In-baskets are designed to be overwhelming and taxing in order to replicate the duties encountered on a hectic day at the office. Responses can be oral or written. You will learn to use a systematic approach, 

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how to be detailed, how to implement follow-up plans and keep the chain of command informed. 

Tip: Review all in-basket items prior to making any decisions. Mark the calendar in pencil immediately with any time commitments. Pitfall: Making a decision prior to reviewing all the items is poor performance. 

What do I do now? Schedule a free get-promoted consultation now! 

Your first step is talk to a knowledgeable, experienced Chief Fire Officer at Fire Assessment Center Prep. Start on your path to success today. 

My staff and I will listen to your needs and then construct a customized course of action. Click here for your free consultation and we’ll help you get promoted. 

Climb over the competition, perform confidently during the assessment center, develop greater job satisfaction and improve your financial position with Fire Assessment Center Prep training today. 

One recent participant secured an Assistant Fire Chief position in Orange County (Fla.) beating out 17 other applicants. Our training assisted the #1 Battalion Chief candidate at BSOFR who outscored his next closest competitor by over 10%. 

Over 150 of our candidates have scored #1 on their promotional process and hundreds have scored in the top 5. Take your first step now and contact us.  

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Fire Assessment Prep Center serves you, the dedicated, proactive firefighters and fire officers who yearn for and deserve promotion. While you’ll brave a burning building, you may be petrified of public speaking or assessment center unknowns. Our in-depth, experience-based coaching helps you gain confidence in your abilities and demonstrate this during the promotional exam as well as during actual emergencies. Our students pass their exam and climb the ranks. Since 2013, over 1,200 and counting have reached their Fire Service promotion goal, many achieving 3 promotions with Fire Assessment Prep Center. It’s your turn.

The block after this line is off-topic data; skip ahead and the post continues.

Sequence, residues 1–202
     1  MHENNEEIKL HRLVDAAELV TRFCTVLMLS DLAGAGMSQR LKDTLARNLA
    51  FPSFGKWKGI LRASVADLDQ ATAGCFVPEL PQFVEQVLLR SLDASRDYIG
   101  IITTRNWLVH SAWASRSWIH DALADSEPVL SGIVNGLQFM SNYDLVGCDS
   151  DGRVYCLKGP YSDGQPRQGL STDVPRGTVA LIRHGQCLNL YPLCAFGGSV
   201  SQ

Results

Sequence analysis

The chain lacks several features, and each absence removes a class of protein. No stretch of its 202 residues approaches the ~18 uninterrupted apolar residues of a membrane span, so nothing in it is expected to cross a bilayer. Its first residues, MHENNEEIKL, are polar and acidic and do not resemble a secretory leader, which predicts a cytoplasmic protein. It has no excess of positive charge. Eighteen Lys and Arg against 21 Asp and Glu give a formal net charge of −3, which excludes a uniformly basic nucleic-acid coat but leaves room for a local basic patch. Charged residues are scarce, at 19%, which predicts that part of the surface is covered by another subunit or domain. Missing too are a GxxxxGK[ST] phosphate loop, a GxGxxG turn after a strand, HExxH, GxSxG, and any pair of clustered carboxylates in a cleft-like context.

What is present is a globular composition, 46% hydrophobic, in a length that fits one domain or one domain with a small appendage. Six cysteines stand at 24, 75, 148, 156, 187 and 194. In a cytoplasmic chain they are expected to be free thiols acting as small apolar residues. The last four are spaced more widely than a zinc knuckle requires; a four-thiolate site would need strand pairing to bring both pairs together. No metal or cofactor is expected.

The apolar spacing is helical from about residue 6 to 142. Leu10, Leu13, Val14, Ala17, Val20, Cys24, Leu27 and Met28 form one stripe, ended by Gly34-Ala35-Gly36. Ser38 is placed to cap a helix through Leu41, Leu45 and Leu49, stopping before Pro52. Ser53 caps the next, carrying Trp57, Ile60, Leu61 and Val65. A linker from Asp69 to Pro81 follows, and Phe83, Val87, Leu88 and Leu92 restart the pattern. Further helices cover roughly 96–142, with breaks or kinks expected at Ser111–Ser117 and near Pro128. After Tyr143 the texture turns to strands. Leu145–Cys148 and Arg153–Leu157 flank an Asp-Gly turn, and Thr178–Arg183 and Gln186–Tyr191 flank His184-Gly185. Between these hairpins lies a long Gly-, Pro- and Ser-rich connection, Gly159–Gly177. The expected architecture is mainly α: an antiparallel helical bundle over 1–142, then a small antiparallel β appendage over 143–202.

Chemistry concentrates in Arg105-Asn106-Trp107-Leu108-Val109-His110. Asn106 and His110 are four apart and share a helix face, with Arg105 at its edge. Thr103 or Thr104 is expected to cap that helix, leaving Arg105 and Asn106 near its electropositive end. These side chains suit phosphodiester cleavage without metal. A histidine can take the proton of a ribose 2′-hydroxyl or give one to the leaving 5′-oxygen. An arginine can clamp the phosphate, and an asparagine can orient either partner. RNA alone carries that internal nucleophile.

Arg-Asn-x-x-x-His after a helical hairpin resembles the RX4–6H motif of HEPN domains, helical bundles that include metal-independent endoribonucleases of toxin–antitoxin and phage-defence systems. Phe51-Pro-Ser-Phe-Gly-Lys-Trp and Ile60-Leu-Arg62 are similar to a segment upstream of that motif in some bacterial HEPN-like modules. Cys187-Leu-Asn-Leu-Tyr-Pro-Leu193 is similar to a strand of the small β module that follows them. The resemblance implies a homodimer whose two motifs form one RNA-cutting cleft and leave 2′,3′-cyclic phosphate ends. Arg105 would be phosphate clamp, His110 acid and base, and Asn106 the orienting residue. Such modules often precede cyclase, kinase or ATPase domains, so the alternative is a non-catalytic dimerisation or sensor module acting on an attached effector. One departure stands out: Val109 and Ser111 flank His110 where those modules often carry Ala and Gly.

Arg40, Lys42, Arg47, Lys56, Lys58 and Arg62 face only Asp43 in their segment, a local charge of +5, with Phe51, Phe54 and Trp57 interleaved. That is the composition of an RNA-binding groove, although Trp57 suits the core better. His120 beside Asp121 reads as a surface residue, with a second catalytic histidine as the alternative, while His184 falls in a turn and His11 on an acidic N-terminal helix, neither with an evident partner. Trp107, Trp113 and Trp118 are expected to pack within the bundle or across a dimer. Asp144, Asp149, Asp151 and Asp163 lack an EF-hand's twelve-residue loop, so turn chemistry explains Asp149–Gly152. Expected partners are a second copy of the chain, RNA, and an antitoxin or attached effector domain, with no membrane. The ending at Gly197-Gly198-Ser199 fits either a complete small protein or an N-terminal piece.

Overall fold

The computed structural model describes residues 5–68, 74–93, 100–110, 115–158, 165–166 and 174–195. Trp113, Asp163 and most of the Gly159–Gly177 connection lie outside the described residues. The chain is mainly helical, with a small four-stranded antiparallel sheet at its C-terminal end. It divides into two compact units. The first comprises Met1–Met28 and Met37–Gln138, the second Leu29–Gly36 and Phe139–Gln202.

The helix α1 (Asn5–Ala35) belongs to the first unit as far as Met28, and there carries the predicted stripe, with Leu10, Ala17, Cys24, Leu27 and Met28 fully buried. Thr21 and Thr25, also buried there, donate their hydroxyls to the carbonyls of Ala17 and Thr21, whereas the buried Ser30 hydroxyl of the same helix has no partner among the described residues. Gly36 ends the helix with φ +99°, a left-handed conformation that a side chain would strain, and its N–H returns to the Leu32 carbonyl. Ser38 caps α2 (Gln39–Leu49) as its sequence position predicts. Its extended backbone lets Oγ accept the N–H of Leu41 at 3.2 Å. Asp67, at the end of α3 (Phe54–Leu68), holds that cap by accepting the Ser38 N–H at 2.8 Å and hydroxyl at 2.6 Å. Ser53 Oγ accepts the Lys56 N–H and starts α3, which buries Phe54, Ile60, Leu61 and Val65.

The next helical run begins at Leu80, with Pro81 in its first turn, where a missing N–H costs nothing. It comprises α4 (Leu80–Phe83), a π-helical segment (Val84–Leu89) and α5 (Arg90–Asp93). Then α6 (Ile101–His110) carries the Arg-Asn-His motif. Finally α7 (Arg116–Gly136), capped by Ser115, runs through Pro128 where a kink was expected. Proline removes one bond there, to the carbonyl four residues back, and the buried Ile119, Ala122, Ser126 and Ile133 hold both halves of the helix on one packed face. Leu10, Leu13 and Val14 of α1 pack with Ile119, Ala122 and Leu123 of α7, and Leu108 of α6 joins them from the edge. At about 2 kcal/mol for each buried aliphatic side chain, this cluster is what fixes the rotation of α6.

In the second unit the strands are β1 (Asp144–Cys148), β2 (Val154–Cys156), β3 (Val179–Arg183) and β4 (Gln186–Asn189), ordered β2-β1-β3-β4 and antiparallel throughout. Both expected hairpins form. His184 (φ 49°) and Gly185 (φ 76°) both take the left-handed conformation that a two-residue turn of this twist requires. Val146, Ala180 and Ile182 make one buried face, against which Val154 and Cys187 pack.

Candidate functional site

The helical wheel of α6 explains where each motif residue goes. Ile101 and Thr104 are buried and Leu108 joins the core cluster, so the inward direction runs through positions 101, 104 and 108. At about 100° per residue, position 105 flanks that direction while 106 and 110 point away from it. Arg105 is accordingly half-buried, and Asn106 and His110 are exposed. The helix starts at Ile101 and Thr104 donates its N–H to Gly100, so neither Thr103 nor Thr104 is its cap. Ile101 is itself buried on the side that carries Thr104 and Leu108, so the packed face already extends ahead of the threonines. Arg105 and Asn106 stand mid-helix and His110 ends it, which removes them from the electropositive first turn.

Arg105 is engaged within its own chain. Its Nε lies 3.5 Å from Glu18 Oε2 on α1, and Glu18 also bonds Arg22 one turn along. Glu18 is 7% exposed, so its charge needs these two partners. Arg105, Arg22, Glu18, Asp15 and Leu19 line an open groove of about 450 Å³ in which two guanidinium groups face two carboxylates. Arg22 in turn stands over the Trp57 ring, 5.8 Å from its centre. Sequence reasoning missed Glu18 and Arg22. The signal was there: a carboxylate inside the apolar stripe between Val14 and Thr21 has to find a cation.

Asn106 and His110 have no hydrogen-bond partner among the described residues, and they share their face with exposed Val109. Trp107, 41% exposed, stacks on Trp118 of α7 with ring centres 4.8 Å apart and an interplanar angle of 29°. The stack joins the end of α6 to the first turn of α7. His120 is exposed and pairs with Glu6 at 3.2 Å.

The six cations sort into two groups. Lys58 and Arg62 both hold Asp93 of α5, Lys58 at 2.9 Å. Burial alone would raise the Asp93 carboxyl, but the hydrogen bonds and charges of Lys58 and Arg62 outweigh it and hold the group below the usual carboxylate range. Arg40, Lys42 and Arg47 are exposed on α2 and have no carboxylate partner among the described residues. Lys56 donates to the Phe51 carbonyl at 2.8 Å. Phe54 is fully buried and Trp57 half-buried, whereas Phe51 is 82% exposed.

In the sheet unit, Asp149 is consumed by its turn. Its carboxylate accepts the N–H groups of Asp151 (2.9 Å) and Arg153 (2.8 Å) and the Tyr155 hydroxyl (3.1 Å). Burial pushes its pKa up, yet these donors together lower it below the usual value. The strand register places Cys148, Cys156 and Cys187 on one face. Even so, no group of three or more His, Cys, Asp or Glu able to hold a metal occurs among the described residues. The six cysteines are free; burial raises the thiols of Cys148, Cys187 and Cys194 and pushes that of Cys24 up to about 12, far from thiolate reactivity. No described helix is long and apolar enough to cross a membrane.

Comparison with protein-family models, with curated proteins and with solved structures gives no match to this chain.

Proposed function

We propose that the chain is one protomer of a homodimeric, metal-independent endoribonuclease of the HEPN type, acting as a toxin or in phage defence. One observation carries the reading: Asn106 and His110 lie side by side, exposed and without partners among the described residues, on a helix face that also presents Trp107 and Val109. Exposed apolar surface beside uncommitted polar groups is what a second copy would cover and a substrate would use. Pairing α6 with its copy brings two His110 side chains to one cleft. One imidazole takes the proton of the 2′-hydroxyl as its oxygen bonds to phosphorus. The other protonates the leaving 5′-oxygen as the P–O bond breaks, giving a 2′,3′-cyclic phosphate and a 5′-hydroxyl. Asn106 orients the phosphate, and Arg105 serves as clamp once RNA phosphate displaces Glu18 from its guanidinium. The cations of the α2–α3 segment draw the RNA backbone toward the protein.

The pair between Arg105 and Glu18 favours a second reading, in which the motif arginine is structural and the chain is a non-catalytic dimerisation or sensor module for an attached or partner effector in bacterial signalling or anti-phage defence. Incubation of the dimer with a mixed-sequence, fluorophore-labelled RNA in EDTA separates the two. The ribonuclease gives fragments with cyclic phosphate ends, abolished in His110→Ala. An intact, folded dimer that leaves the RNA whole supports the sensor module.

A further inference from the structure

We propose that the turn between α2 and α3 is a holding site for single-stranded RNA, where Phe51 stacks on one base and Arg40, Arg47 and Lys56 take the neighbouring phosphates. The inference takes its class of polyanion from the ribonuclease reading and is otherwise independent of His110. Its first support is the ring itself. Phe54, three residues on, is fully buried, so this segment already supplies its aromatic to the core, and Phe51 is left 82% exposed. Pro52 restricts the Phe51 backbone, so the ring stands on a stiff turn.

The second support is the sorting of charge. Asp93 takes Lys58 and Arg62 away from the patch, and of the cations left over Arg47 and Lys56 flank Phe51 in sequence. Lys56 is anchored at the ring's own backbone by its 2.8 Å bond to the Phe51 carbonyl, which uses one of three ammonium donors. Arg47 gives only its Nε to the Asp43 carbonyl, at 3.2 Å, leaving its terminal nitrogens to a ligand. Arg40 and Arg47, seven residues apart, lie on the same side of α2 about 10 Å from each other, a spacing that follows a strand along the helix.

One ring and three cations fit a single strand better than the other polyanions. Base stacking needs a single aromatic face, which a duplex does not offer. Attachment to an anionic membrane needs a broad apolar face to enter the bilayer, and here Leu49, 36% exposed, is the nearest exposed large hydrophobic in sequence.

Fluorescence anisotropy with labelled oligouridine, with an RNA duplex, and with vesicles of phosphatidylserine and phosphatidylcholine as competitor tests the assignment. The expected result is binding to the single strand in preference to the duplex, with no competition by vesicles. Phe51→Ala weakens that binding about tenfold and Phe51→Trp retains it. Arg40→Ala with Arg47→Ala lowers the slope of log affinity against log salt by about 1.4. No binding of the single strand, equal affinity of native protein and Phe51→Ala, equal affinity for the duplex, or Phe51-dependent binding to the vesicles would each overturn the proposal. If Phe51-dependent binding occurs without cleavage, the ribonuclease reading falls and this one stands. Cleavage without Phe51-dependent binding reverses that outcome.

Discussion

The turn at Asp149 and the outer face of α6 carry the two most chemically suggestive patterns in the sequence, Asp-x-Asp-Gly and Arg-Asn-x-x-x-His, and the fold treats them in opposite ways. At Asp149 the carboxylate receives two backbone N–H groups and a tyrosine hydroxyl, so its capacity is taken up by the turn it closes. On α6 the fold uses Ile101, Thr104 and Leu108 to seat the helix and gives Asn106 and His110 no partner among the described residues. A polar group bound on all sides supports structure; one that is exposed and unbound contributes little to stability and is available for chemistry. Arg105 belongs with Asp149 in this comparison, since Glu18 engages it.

fireassessmentprep.comAbout Your Instructors Chief Freddie spent 32 years with Miami Fire Rescue. He held every civil service rank, spending his last five years as the Deputy Fire Chief. Chief Freddie’s extensive teaching experience includes training firefighters, police officers and corrections officers. He holds A.S. degrees from Miami Dade College in EMS and Fire Science. 

Since 1999, Chief Freddie has specialized in test preparation courses for entry and promotional level public-safety candidates. He’s facilitated, prepared and assessed hundreds of examinations, conducting seminars and private training sessions for all ranks. Students have been promoted 3 times because of his training. 

fireassessmentprep.comChief Johns began his career in Palm Beach, Florida in April of 1990, serving in many capacities including firefighter, driver, paramedic, lieutenant, company officer on pumper and ladder crews and EMS Captain. 





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ASSESSMENT CENTER 360° HOW TO CLIMB PAST YOUR COMPETITION AND GET PROMOTED  Attention dedicated and proactive firefighters!! Do you have a burning desire and the commitment to get promoted? Do you fear assessment center unknowns, public speaking and the testing process? Many do. Don’t give fear and anxiety the power to derail your promotion aspirations.  With meticulous preparation, you can gain confidence in your abilities and learn to demonstrate this during the promotional exam so you Get Promoted.  In this article, you’ll learn what successful fire officers demonstrate to get that promotion and how you can get the tools and…